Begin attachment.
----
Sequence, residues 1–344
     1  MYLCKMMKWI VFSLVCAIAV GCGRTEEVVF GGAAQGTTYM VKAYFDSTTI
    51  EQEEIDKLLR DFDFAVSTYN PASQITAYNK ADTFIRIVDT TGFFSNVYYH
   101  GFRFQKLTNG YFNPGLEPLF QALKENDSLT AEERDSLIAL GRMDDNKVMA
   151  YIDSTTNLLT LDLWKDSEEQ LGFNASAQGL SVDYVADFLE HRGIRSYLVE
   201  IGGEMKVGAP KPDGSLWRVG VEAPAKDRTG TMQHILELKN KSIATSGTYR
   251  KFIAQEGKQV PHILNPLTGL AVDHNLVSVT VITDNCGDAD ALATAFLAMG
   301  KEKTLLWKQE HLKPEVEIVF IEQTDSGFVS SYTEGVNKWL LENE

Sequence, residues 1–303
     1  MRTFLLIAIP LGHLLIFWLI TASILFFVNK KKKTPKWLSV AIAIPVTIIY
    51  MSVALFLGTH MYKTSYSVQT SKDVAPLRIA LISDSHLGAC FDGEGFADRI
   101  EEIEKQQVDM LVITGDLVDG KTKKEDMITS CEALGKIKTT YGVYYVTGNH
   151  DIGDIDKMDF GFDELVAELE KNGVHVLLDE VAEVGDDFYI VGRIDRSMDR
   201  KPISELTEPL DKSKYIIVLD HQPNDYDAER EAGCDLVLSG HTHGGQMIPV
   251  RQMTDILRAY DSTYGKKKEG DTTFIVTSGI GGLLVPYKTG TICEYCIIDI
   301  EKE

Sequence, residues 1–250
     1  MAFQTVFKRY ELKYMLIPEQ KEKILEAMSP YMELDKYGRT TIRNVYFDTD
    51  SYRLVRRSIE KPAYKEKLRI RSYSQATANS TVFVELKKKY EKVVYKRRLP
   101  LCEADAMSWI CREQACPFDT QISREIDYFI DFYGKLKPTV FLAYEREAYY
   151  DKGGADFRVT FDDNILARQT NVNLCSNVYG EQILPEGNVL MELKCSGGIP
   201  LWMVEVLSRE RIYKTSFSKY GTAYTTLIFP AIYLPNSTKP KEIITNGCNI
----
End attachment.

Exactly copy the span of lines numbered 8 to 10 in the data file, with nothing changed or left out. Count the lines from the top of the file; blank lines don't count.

   301  KEKTLLWKQE HLKPEVEIVF IEQTDSGFVS SYTEGVNKWL LENE

Sequence, residues 1–303
     1  MRTFLLIAIP LGHLLIFWLI TASILFFVNK KKKTPKWLSV AIAIPVTIIY